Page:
All these years later, it’s worth remembering some of those who helped make the Games so successful, many of whom have passed on. Happily, Peter Ueberroth – the LAOOC president – is still with us, but we have lost leaders such as John Argue, who led the 1976-1980-1984 Los Angeles bids so tirelessly; Los Angeles Mayor Tom Bradley and LAOOC Chairman Paul Ziffren, who worked so quietly and effectively in the background to ensure a positive relationship between the organizers and the City; Harry Usher, the brilliant LAOOC general manager; Joel Rubenstein, the LAOOC’s first marketing chief who – with Ueberroth – created sports sponsorship as we know it today; David Wolper, who has never received the credit he is due for revamping how sports television contracts are negotiated, and then went on to create the memorable Opening and Closing Ceremonies of the 1984 Games; and many others.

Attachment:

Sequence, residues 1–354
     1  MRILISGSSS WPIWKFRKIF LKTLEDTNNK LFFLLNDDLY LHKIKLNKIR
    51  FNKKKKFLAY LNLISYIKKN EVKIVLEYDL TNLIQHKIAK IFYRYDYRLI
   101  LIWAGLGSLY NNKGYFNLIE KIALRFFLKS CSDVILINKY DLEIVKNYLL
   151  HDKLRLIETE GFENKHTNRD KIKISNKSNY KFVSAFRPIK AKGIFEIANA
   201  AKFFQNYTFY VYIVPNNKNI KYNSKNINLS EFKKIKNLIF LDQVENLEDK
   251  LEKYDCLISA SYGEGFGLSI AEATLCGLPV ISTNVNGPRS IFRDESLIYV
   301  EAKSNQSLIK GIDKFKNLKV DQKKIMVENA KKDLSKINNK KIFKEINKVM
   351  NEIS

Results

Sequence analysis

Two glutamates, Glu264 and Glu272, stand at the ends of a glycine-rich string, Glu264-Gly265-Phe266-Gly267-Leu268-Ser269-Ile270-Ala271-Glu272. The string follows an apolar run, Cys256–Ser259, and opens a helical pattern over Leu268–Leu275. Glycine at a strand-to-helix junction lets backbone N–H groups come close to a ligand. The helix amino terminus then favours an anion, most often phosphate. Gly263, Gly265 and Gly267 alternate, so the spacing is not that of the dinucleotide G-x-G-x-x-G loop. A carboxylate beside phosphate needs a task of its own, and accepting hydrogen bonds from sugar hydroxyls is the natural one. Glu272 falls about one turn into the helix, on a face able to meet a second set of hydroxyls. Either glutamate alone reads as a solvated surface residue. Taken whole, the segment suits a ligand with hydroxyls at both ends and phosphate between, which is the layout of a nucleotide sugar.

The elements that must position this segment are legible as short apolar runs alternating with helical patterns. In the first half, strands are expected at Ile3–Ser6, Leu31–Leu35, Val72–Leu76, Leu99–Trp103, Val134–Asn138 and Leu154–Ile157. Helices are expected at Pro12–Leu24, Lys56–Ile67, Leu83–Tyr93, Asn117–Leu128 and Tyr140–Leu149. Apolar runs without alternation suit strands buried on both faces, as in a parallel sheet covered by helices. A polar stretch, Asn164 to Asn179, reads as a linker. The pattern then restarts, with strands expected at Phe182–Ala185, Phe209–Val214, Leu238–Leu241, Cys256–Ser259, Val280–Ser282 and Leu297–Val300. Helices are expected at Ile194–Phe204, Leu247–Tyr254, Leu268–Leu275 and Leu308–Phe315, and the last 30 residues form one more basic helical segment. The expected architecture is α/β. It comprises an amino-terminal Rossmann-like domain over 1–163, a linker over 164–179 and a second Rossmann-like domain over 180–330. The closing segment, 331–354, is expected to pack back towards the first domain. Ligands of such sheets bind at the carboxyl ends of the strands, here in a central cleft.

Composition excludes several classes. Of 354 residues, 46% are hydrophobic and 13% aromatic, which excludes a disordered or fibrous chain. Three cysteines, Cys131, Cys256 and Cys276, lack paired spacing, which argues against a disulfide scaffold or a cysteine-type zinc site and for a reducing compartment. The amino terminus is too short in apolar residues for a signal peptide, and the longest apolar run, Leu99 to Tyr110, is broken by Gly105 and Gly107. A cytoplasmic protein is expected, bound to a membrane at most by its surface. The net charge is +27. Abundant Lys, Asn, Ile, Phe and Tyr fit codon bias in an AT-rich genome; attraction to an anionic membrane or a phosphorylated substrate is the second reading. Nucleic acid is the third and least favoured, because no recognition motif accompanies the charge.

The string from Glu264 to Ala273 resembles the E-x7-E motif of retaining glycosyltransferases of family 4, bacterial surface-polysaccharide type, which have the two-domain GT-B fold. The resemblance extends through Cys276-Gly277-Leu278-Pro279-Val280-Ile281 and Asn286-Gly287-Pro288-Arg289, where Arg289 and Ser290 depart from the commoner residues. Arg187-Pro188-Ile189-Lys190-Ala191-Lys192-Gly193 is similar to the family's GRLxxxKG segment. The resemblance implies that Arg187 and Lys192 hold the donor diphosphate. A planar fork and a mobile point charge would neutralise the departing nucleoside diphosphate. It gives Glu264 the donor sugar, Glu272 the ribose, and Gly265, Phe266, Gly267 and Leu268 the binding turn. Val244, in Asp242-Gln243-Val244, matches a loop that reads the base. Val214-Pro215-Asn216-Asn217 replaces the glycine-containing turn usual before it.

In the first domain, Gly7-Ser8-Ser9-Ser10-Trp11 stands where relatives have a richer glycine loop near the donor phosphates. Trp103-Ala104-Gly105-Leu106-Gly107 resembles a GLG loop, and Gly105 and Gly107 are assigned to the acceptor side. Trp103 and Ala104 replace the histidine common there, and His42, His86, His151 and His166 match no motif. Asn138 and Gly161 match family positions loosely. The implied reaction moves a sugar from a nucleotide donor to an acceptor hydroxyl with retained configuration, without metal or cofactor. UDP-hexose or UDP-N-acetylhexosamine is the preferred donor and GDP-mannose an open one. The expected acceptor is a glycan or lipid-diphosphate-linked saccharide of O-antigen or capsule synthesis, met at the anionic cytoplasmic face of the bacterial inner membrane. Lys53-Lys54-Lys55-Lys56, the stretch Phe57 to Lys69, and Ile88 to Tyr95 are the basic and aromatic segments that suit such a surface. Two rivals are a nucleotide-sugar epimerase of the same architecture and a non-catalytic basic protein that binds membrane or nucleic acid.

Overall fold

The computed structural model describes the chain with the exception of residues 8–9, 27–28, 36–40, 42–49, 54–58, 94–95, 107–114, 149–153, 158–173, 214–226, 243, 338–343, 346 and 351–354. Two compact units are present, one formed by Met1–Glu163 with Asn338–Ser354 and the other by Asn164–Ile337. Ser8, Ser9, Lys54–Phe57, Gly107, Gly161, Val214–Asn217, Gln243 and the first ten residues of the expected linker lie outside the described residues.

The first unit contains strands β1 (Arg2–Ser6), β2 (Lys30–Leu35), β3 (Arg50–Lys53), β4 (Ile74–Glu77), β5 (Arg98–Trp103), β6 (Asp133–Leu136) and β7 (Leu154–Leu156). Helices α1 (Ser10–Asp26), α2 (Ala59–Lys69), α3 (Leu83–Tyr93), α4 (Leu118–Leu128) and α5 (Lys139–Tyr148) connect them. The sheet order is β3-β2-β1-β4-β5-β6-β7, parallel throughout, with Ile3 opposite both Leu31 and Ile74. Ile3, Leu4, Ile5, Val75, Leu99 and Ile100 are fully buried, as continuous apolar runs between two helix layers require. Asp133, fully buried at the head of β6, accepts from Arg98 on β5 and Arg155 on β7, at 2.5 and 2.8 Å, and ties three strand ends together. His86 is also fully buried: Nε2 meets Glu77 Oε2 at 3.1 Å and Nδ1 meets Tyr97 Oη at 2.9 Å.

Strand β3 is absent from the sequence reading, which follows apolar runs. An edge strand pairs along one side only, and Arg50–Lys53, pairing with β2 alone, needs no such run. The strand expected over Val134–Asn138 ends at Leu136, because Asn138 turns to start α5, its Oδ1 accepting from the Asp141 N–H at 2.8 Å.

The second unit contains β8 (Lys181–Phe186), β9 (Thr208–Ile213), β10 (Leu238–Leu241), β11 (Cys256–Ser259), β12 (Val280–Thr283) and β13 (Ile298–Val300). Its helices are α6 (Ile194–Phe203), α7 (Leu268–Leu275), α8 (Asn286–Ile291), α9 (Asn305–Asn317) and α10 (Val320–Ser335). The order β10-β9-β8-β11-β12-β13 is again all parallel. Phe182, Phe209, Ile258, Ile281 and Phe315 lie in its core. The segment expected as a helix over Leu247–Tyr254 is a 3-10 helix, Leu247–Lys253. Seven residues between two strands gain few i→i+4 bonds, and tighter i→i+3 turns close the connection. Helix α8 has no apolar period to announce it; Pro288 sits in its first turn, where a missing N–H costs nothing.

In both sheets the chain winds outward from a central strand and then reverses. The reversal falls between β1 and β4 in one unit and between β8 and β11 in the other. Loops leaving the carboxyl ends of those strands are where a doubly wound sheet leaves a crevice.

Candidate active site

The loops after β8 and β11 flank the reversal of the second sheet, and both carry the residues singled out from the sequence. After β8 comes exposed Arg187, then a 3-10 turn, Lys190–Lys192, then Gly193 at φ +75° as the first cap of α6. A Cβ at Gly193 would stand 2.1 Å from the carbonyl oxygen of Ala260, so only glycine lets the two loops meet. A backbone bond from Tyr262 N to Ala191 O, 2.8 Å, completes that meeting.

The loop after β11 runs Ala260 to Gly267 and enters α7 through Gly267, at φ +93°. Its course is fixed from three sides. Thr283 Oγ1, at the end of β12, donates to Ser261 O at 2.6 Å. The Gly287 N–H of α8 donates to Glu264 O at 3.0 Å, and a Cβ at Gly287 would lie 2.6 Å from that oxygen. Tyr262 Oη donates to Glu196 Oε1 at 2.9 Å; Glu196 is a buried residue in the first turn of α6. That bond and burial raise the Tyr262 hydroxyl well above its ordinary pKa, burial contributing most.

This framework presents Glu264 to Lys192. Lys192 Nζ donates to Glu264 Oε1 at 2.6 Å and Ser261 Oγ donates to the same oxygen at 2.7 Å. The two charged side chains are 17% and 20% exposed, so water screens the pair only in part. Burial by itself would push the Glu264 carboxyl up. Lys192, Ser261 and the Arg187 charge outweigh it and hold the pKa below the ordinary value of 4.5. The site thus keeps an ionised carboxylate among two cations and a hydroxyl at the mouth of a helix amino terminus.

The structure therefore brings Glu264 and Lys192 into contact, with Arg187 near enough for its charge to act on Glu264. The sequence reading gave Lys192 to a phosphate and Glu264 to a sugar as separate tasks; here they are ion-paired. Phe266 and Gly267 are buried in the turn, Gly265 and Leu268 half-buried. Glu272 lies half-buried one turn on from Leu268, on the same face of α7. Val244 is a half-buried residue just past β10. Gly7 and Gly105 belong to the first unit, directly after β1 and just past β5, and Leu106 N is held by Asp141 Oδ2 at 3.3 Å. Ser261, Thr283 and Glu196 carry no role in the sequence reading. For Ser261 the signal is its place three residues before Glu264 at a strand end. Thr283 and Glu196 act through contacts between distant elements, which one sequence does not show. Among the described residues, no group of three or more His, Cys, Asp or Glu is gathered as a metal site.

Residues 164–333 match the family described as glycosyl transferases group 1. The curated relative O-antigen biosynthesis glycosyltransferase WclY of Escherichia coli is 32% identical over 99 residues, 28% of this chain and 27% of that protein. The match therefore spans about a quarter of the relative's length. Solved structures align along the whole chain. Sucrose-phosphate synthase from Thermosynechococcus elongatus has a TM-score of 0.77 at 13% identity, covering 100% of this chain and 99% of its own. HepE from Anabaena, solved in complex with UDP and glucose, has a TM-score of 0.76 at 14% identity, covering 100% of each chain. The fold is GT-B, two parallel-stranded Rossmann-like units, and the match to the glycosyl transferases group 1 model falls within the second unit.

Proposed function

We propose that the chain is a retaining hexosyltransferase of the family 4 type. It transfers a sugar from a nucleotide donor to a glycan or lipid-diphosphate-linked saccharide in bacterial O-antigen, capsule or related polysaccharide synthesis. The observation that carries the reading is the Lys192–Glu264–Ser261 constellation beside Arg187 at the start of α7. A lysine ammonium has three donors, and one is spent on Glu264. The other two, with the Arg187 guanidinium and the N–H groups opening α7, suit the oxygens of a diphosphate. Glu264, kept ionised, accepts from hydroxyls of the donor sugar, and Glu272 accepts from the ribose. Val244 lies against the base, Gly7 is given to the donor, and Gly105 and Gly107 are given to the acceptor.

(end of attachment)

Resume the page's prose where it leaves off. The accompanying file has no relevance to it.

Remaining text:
Today, they are smiling broadly in a skybox somewhere above us, but those of us who are still here and were present for the unique moments of the 1984 Olympic Games, we cherish them still, and wonder at the lasting impact of the “little committee that could.”